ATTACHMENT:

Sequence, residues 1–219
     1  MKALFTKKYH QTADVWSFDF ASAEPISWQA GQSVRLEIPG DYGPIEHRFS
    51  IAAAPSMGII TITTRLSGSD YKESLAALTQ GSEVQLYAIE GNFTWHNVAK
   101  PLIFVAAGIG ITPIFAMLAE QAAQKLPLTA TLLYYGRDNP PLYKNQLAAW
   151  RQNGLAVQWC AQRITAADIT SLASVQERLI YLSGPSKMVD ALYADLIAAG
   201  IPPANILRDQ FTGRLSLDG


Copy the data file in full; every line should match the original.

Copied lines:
Sequence, residues 1–219
     1  MKALFTKKYH QTADVWSFDF ASAEPISWQA GQSVRLEIPG DYGPIEHRFS
    51  IAAAPSMGII TITTRLSGSD YKESLAALTQ GSEVQLYAIE GNFTWHNVAK
   101  PLIFVAAGIG ITPIFAMLAE QAAQKLPLTA TLLYYGRDNP PLYKNQLAAW
   151  RQNGLAVQWC AQRITAADIT SLASVQERLI YLSGPSKMVD ALYADLIAAG
   201  IPPANILRDQ FTGRLSLDG